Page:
Human Trafficking

When the average resident thinks about human trafficking, it is usually with ties to illegal immigration and the smuggling of persons over international borders. 

But human trafficking can take on multiple forms of abuse, including sex trafficking, forced labour, domestic servitude and even organ removal.

Types of Human Trafficking

 SEX TRAFFICKING

Victims of sex trafficking are manipulated or forced to engage in sex acts for someone else’s commercial gain. Sex trafficking is not prostitution.

Definitions from Blue Campaign (USA)

 DOMESTIC SERVITUDE
Victims of domestic servitude are forced to work in isolation and are hidden in plain sight as nannies, housekeepers or domestic help.
 FORCED LABOUR
Victims of forced labour are compelled to work for little or no pay, often manufacturing or growing the products we use and consume every day.
 ORGAN TRAFFICKING
Victims of organ trafficking are lured and recruited through debt bondage, and organs are forcibly removed to sell on the black market.

What all of these types of trafficking have in common is a victim/survivor; someone who has become compromised and forced into doing work they would not otherwise do. It’s a cycle of abuse, where the victim is often groomed, then exploited. And sex trafficking is very different from sex trade workers; where the victim is completely controlled in a modern-day form of slavery.

You can learn how to recognize signs of human trafficking in friends and family and help them to get out.

SIGNS OF HUMAN TRAFFICKING  
  • Being isolated from family or friends.
  • Being controlled by threats, force or deception.
  • Being driven to and from locations, escorted at all times, or watched.
  • Being told to keep in constant contact (given 2 or more cellphones).
  • Someone else always speaks for them.
  • Suddenly receiving expensive gifts.
  • Earning money but not able to keep it.
  • No access to own ID.
  • Being moved frequently; claiming to be “new” or  “just visiting”
  • Paid an illegal recruitment fee to obtain a job.


BEHAVIOURAL SYMPTOMS

 
  • Depression and mood changes
  • Malnutrition
  • Fear and anxiety
  • Guilt and shame
 
  • Drug use
  • Signs of physical abuse
  • New Tattoo’s
Human Trafficking We Can Help

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Ottawa Police Service Human Trafficking Unit

The Ottawa Police Service’s (OPS) Human Trafficking Unit (HTU) has partnered with service-oriented agencies across the city, like hotels and entertainment groups, to target those victims or survivors and offer them the supports they need to get out. Officers from the unit provide training for front-desk service workers to help them identify sex traffic victims that may visit their establishment. The HTU is also a member of the city-wide Ottawa Human Trafficking Frontline Committee, that includes Ottawa Victim Services, St. Joseph’s Parish, OPS Victim Crisis Unit, and other frontline agencies who are engaged in providing exit strategies for those caught up in the abusive cycle of human trafficking.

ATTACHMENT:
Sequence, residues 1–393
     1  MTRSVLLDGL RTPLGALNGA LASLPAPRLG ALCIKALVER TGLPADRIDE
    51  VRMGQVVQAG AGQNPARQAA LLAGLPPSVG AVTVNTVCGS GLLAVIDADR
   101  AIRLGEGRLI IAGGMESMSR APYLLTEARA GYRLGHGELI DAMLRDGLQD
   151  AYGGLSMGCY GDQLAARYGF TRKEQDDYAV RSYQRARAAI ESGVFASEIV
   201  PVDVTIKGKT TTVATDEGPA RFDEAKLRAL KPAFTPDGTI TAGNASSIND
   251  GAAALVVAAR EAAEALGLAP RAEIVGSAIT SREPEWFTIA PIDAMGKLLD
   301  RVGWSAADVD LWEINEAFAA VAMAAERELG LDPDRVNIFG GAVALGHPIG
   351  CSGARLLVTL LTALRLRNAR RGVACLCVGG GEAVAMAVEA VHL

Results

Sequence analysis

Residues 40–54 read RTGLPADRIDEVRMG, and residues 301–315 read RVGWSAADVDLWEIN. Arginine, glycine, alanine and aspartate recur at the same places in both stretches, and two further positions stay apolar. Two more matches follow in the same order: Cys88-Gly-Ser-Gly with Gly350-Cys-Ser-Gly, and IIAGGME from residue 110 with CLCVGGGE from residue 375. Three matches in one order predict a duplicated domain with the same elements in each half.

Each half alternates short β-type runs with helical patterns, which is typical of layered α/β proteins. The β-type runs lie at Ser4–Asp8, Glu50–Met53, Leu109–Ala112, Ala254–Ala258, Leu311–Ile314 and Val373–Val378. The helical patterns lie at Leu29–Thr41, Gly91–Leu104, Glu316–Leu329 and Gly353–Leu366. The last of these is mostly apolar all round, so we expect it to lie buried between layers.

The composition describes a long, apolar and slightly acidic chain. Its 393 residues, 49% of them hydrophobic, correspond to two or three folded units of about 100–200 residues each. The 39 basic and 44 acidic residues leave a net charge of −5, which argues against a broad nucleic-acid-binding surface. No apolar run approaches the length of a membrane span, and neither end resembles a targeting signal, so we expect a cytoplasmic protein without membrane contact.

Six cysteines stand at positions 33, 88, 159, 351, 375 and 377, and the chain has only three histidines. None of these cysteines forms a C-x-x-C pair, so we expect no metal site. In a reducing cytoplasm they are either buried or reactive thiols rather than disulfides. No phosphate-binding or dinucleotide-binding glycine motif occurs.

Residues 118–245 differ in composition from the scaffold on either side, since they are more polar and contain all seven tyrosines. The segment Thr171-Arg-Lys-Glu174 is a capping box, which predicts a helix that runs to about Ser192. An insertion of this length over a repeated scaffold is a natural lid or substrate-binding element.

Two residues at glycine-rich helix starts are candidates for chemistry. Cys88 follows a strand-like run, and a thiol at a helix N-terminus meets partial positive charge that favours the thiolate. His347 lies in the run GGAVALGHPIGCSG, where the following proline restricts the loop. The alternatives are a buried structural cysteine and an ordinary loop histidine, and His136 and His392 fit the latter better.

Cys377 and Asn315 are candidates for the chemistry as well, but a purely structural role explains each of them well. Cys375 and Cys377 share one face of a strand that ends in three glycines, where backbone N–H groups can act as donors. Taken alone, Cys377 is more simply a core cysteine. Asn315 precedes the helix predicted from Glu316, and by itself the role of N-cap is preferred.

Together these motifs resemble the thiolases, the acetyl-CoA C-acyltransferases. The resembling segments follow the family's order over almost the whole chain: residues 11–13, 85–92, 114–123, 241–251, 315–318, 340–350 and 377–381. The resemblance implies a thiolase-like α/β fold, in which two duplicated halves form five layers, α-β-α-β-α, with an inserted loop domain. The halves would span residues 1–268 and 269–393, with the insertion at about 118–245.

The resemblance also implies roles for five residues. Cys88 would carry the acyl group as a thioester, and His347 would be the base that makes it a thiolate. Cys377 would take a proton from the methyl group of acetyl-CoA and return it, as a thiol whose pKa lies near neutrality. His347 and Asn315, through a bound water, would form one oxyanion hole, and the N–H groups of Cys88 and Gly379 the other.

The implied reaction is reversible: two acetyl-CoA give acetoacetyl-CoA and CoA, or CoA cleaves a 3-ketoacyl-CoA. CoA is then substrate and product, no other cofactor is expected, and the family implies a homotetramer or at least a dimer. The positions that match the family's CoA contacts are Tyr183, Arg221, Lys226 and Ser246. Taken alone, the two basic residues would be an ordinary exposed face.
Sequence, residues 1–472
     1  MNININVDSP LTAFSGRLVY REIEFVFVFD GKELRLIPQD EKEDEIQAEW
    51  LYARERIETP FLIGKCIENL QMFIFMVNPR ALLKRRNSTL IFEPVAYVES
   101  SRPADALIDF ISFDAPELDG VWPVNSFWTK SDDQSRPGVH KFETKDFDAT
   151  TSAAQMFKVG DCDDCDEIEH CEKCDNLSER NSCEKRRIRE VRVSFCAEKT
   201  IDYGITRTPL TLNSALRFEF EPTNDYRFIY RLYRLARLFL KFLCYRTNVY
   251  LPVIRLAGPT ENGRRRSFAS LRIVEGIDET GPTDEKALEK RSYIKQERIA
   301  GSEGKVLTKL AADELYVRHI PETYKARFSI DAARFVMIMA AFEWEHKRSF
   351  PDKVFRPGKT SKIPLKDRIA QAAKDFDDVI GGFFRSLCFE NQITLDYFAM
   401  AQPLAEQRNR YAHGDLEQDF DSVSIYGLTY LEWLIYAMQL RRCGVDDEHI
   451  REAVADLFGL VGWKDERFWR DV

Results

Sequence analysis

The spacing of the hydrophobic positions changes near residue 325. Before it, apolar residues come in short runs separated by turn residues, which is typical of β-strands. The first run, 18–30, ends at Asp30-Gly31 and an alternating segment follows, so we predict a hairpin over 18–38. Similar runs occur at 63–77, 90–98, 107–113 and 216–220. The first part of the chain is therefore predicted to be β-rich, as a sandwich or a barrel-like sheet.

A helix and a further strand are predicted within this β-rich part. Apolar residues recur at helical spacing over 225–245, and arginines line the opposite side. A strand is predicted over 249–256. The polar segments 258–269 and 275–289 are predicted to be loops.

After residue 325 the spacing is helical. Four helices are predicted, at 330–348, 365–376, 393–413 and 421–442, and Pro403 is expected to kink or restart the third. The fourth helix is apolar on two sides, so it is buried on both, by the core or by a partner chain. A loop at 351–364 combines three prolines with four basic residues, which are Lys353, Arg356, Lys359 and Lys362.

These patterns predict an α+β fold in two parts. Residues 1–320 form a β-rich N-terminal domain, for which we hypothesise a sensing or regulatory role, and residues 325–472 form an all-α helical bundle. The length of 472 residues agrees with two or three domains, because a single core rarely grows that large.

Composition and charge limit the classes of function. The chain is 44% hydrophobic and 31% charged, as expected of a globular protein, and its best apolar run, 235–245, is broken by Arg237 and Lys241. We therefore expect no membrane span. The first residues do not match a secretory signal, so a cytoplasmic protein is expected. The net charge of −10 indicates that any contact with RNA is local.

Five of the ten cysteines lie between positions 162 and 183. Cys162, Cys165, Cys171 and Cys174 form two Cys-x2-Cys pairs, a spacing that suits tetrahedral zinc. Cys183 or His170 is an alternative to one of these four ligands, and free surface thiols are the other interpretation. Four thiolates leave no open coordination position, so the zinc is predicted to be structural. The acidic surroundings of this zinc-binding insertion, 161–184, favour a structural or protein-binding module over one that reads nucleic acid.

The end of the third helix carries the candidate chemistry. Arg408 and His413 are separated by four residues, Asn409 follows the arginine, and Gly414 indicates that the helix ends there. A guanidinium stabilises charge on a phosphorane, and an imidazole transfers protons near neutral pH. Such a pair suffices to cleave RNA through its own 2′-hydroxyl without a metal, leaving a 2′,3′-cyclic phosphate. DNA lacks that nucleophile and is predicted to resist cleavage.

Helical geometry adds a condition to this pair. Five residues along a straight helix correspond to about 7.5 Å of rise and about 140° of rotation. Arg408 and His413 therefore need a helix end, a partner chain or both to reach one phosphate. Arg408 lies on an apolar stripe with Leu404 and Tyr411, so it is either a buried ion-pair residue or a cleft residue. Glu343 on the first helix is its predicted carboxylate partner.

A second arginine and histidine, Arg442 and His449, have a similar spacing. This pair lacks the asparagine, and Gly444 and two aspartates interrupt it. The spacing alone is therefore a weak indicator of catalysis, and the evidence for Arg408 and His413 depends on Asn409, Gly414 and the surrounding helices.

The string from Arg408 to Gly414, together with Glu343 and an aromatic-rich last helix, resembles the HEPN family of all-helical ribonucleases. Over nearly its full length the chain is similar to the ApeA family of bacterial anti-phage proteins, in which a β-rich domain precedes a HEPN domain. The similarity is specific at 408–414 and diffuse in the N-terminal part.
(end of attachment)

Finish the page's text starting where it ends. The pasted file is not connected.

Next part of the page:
Additionally, the OPS has contacts with support service agencies city-wide that can help those who want out. 

While Ottawa does see forced labour and domestic servitude cases from time to time, the majority of human trafficking in the city revolves around the sex trade. On any given day, there is at least one sex trade worker in every single hotel across the city, according to OPS HTU officers. 

Many of these victims can be runaways, between the ages of 14-22, with little or no support from friends or family. Often they are controlled by their addictions and lured into the profession with false promises of security and access to those substances. Most sex trafficking victims have been groomed and conditioned to believe their exploiter is trustworthy and not someone using them; others are controlled by fear and brutality. While a sex trade worker will receive a cut of the money she brings in, a sex traffic victim will receive no money. It provides the trafficker an easier means to control the activities of their victim and create a dependency.

In 2018, the HTU dealt with 45 cases, rescued 31 women, and helped with several high-profile joint initiatives both domestically and internationally. Victims of this type of criminality are often rotated between cities down the Montreal to Toronto corridor, and sometimes into the United States.

If you, or someone you know, is caught up in the vicious cycle of human trafficking, and they want out, please call us. We have set up a 1-800 number to reach us, no matter where you are in Canada.

We can help.

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